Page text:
(review n pix by neil crud)
As a seventeen year old I used to trundle along from my small flat in Bath Street to The Bistro in Rhyl every night of the week (bar Tuesday when it was closed). It was a punk/alternative scene with no bands; we’d buy a pint that would last all night and listen & dance as Pete Bethel played alternative / indie music. The Bistro accountants eventually realised that employing staff to cater for 40 mid-week punks who shared their drinks wasn’t good for business, & shut their doors until the weekend.
Many many years later during which the dance E culture killed off any sort of guitar driven scene in the town, the bands started crawling back. Yes we had the Sons of Selina, Psychosexual Sex Terrestrials & Flourescent Daydream, but their successes didn’t carry any movement and any solidarity was quickly rubbed out by a lack of money. The Breeding Ground brought together an already promising batch of young people, these bands had been playing in the backrooms of pubs & they suddenly had a real stage, real PA, real lights & real people to play to. The real people they played to also formed bands, and the scene grew, fed also by MASE in Llandudno & publicised by this website. To use a pun, it has linked North Wales.
Gigs started being well attended, sell outs in many cases; bands from out of the area came to play and returned again and again. The Breeding Ground was too good to last, underage drinking in the street where the kids go unchecked, cause violence and vandalism is fine, but to have it at a place where they’re safe, won’t cause trouble & stay off the streets is a no go & the council soon put a stop to it. The building has since been torn down, but, like The Bistro, will & has gone down in folklore. The void of no venue didn’t last long, Steve Rastin, long time champion of the scene took it upon himself to promote gigs in Bar Blu in the town and by March 2003 a regular Wednesday night was established. Many eyebrows were raised as to the choice of day, after all this is Rhyl and also the venue; a trendy nightspot. Against the bookmakers odds Blu established itself as the place to play and the place to go; Wednesday became the new Friday & most nights were packed out, week after week. Rastin kept talking of the Metro, on the Prom and with Blu taking a blow when the management pulled the plug on Jives Room during their set in September where the punters firmly voted with their feet and stayed away, Rastin saw the opportunity to launch The Metro.
The eyebrows once again went up, a Monday night in Rhyl, particularly a damp cold October Monday night in Rhyl, it’ll be a step too far this time…
As far as venues go, the Metro is excellent; a good rig, good sound, great size with plenty of pillars and areas to break up a big room. A lap dancing bar upstairs to add a seedy touch. So it just needs to draw the punters in, but I’m back to my point at the beginning about the Bistro accountants; it doesn’t take a genius to work out that they can’t afford to go out 3 maybe 4 nights a week, so one night has got to go. (Anyone for line dancing?). Saturation level in this small town has been reached and once a week is just about the stretched point of the limit.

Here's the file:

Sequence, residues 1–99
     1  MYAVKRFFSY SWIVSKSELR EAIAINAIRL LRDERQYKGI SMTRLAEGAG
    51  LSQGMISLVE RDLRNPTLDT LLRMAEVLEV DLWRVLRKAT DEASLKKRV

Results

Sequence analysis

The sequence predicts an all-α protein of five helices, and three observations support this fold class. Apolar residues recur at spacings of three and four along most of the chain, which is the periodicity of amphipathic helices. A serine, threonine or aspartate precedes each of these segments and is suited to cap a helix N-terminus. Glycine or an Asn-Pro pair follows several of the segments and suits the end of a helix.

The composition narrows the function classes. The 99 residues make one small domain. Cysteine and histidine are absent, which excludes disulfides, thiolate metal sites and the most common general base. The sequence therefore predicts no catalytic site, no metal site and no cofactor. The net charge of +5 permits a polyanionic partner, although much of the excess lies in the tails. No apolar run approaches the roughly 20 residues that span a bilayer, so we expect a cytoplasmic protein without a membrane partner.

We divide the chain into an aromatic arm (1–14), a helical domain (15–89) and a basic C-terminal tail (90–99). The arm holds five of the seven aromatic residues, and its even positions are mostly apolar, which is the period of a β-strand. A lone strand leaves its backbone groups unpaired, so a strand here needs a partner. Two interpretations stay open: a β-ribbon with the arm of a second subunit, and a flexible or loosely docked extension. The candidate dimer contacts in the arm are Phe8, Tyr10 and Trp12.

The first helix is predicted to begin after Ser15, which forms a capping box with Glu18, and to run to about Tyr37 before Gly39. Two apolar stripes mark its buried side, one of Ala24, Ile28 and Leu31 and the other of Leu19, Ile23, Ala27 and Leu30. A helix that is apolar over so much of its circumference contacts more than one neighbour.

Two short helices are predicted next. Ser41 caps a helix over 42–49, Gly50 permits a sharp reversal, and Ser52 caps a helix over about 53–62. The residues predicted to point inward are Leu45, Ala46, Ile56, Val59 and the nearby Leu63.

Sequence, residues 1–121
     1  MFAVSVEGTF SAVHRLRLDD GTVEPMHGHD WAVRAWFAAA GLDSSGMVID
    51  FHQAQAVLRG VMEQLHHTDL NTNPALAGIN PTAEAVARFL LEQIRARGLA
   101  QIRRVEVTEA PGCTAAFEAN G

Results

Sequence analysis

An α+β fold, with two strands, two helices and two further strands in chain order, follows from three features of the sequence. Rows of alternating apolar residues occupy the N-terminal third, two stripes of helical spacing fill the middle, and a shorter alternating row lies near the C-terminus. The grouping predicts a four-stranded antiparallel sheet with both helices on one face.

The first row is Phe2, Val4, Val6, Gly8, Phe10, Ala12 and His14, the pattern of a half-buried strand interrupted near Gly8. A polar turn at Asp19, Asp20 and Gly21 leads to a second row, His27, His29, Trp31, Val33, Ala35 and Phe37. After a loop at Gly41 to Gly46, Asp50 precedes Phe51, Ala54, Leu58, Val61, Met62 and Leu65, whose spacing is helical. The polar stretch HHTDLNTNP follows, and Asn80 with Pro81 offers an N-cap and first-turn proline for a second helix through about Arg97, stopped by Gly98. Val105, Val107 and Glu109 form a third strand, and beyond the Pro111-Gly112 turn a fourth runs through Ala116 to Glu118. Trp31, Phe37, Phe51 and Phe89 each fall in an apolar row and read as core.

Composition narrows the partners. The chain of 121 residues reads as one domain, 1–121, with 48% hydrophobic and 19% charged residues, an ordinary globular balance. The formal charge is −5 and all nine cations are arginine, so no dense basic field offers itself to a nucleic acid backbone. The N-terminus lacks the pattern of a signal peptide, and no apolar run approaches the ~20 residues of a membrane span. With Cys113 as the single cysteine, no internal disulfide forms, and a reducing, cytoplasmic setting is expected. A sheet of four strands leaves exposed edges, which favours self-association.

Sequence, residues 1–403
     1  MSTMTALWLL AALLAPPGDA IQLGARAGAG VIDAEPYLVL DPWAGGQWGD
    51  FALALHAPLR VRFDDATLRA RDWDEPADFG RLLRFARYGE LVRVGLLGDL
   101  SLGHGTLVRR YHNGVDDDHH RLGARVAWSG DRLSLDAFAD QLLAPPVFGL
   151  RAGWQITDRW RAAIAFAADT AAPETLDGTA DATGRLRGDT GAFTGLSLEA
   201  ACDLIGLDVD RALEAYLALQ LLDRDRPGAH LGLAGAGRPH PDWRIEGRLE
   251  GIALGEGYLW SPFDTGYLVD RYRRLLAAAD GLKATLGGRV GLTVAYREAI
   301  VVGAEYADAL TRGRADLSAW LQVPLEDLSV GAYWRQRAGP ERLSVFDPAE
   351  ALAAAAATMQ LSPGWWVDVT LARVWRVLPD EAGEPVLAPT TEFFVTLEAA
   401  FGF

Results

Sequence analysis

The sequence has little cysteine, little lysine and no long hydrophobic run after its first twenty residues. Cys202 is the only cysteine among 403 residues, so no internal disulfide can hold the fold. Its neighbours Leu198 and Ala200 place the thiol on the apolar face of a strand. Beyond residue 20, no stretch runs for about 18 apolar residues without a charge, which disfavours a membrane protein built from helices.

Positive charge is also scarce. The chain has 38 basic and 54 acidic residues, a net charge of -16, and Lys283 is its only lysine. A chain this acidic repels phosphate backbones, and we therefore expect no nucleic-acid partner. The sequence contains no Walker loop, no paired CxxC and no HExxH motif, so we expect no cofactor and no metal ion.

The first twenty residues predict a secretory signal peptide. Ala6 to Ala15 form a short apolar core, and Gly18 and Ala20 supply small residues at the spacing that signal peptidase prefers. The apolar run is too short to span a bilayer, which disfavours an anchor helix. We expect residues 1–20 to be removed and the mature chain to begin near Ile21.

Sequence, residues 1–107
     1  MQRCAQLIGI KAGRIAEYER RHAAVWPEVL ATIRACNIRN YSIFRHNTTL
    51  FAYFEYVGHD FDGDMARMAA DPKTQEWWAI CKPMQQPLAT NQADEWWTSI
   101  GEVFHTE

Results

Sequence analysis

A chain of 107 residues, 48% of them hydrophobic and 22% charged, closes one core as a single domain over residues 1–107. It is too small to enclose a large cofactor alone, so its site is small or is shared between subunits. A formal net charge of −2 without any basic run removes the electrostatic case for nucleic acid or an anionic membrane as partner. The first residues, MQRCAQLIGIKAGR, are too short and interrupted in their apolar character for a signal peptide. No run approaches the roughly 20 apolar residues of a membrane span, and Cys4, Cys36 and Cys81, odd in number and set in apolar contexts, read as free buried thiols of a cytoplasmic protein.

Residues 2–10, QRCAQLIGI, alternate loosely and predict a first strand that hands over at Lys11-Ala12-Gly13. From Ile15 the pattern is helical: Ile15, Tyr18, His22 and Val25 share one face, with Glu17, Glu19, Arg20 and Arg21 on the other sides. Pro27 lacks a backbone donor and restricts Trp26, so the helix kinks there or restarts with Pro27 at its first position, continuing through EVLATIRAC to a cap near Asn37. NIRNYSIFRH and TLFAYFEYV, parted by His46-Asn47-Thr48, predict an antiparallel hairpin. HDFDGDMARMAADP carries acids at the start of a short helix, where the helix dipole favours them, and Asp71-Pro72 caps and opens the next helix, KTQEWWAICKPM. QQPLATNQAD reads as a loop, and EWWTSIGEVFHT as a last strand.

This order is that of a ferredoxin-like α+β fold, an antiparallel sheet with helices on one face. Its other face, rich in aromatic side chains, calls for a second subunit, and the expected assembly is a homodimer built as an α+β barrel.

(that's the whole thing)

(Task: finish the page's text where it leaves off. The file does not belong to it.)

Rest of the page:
The line up of Junebug, Jives Room & Gintis is very mouth-watering, but even they are going to be pushed to pull in the punters on a Monday night considering the number of local gigs they’ve done in the last month. Nevertheless a handful of the faithful came to witness the launch of a new venue. The bands tossed a coin for the running order and they are 3 very closely associated groups, which is a great achievement for a town, brought up on backstabbing.
Gintis and Jives Room need now to move on, they need direction. Gintis are very much an embryonic entity, still finding themselves & yet have so much under their belts already. Their achievements are down to excellent songwriting and self belief & they now need to step up to reach a wider audience, they need representation, management, someone to believe in what they’re doing & the nous to take them to the fore. And they can do it. In the meantime they need to promote their name & their superb debut EP (on Slacyr) to all and sundry to build up that name. They have the songs, the charisma, the calamity & the youth to carry this through.
On a local band league table Jives Room are way ahead of Gintis, they are, like I’ve said & I still stand by, probably the best live band in North Wales at present. Three guitarists & a bassist all playing different melodies, never competing, always harmonious and to a level of musicianship far above their contemporaries. This could lead to a blasé attitude and shite songs, but that’s not the case with Jives Room, the songs are stonking and the band very humble. And exactly like Gintis, they need to set their sights now on furthering their territory; the internet is a powerful tool, use it! This website is tantamount to that; in the next 5 days nearly 2,000 people will have visited link2wales, 100 will read the gig guide and 100 will read this review, the following 5 days about 75 will read it and so on.
Junebug are like the godfathers of Gintis and Jives Room; the shout of ‘Joooonbug!’ is often heard at any gig in the area & the Latham brothers have put egos aside to help other bands, recording demos, sharing gigs & experience & I think bands owe a lot to Junebug for this. Their metronome drummer is incredible & the brothers (who have swapped haircuts) play note perfect power pop that’s nicer than a packet of Nice biscuits dunked in French tea in Nice. They are very nice, but very professional & I’ll be playing tracks on their new LP ‘First’ on forthcoming link2wales radio shows. It’d be great to see a Gintis, Jives Room, Junebug package tour organised, where the 3 bands go out for a week or 10 days and mix it in the real world. (Cue Martin Green Dragon)